Jo Nicholas of the League of Women Voters echoed many of Preston’s and Hatch’s comments. She hit particularly hard on the cost of a new photo ID program during this time of budget cuts which she called evidence that lawmakers were engaging in a cynical brand of “politics as usual.”

Several others cited the absurdity and hypocrisy of, as has been proposed, limiting the photo ID requirement to in-person voting while doing nothing to extend such a requirement to absentee voting.

And, as is often the case in North Carolina civil rights debates, many of the most potent and profound arguments were articulated by Rev. William Barber of the North Carolina NAACP.

Barber noted that his organization has been fighting violence, “grandfather clauses” and poll taxes for more than a century in order to gain unfettered access to the ballot box. And yet, he noted, even in the face of these roadblocks, it – the NAACP – had never tried to erect barriers that would impede any other group or individuals from voting. Now, he said, the NAACP felt very strongly that it was dealing with the modern day equivalent of those practices of bygone years.

“This new poll tax – we refuse to any longer call it ‘voter ID’ – this new voter poll tax…is a violation of the 24th Amendment which says that no poll tax or any other tax can be required to qualify people to vote,” Barber stated.

The great ideological flip-flop

Of course one of the great ironies of voter ID legislation is the way it flies in the face of the longstanding conservative and libertarian opposition to mandatory government ID generally. Just 35 years or so ago, conservatives in America screamed bitterly and loudly that then-President Jimmy Carter’s proposal of a national identification card was a grave infringement on personal liberty and harbinger of a Big Brother American government.

Similar sirens were sounded 20 years ago when President Clinton called for the issuance of national health care ID cards to all Americans.

“How dare these big government liberals propose to force people to obtain government ID?” went the refrain.

Now, such arguments are conveniently forgotten as supposed anti-government conservatives clamor for just such a requirement.

Truth be told, there is a compelling case to be made that the automatic provision of tamper proof biometric national identification cards for all Americans is a rational suggestion. If done properly and automatically, it could actually make voting much easier and solve any number of other, formidable societal problems.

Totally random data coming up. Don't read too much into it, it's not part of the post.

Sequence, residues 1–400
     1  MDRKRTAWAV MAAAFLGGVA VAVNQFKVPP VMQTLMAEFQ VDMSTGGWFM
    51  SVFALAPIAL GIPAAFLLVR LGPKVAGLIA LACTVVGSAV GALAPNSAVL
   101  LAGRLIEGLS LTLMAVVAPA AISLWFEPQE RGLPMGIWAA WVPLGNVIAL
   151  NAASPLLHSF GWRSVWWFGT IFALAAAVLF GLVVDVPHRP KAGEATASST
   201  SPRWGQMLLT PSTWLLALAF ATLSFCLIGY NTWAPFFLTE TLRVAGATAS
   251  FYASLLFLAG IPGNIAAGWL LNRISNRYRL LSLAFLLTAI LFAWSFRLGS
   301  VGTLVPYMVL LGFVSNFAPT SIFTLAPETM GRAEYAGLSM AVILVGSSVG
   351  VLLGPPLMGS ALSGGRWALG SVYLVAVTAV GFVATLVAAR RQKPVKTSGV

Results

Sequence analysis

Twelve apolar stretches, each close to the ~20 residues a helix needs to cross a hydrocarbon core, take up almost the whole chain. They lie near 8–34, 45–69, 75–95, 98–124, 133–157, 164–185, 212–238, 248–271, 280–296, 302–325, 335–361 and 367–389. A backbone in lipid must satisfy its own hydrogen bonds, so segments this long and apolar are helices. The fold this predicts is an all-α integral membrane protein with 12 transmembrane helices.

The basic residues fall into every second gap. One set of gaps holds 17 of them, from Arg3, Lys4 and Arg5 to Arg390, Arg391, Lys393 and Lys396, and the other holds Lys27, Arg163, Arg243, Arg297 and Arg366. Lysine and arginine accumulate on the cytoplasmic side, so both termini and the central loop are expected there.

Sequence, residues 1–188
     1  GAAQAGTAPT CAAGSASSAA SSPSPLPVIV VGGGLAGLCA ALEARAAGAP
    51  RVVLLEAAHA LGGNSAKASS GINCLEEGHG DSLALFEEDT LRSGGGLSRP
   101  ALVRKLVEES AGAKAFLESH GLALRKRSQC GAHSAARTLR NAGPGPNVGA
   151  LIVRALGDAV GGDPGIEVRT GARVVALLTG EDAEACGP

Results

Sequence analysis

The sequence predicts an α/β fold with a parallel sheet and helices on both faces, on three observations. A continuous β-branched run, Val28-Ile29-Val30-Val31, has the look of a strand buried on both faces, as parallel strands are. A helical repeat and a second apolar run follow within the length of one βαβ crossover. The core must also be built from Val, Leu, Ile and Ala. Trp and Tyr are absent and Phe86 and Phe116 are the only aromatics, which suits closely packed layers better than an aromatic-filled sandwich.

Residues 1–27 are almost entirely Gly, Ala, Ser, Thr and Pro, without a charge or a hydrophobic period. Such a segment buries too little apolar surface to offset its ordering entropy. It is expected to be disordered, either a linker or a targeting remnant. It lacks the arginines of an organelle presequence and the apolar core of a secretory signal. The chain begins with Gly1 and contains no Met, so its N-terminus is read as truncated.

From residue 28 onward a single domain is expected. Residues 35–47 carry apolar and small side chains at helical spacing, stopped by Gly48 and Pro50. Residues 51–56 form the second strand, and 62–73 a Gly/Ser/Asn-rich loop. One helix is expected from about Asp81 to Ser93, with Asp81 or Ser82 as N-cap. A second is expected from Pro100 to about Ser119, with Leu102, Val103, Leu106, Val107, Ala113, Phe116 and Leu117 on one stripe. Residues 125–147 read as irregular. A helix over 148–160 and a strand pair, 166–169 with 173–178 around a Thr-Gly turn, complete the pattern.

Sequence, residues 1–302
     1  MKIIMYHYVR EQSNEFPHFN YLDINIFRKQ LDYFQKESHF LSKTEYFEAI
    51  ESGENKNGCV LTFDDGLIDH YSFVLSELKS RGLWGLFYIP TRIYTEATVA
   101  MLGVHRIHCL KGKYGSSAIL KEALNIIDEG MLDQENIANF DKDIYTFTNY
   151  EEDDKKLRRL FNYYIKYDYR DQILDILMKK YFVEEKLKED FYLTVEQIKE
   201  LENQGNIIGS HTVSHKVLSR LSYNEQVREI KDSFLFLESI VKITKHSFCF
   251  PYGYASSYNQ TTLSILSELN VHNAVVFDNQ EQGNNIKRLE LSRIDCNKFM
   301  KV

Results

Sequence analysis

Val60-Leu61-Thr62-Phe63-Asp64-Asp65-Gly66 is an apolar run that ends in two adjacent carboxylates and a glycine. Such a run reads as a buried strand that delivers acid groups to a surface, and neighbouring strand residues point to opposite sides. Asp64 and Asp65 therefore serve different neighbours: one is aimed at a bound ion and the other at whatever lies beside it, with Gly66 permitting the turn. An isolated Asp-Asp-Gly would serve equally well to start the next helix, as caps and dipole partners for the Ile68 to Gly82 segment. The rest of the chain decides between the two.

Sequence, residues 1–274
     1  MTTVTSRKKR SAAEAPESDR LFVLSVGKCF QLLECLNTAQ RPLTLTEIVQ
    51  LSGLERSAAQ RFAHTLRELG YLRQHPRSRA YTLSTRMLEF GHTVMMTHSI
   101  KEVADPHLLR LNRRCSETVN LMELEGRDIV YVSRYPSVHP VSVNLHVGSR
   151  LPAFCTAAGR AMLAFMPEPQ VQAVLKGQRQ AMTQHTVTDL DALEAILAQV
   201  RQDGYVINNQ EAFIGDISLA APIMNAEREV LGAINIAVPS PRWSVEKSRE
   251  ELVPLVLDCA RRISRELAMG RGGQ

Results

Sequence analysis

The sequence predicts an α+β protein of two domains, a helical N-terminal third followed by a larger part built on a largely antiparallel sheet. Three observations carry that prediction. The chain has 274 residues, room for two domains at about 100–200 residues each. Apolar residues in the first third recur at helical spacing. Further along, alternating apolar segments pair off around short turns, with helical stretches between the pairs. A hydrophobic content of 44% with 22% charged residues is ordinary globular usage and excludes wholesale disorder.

Unfortunately, conservatives have no intention of letting such a rational ID proposal advance. They would rather preserve a “worst-of-all-worlds” situation in which photo ID is essential in one critical area (voting) but difficult to obtain for the people whom they have determined are most likely to vote against them: the poor, people of color, the elderly and the disabled.

Going forward

In the days ahead, conservative lawmakers will proceed with their “deliberate” process. They’ll produce “experts” to refute the arguments put forth by the opponents of voter ID. (One person scheduled to appear – a “Senior Legal Fellow” at the Heritage Foundation named Hans von Spakovsky – is a real fire-breather who likes to post especially hateful and offensive comments on his Twitter page.)

For whatever reason – making a record to use in defense during a future court challenge or merely trying to manipulate public opinion – the show will go on for a little while longer. But, as Speaker Tillis made clear last week, this is all window dressing – a kind of political theater of the absurd in which the outcome is foreordained and most of the elected officials in the drama are merely playing roles assigned to them.

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Rob Schofield
Rob Schofield

Editor Rob Schofield oversees day-to-day newsroom operations, authors regular commentaries, and hosts a weekly radio show/podcast.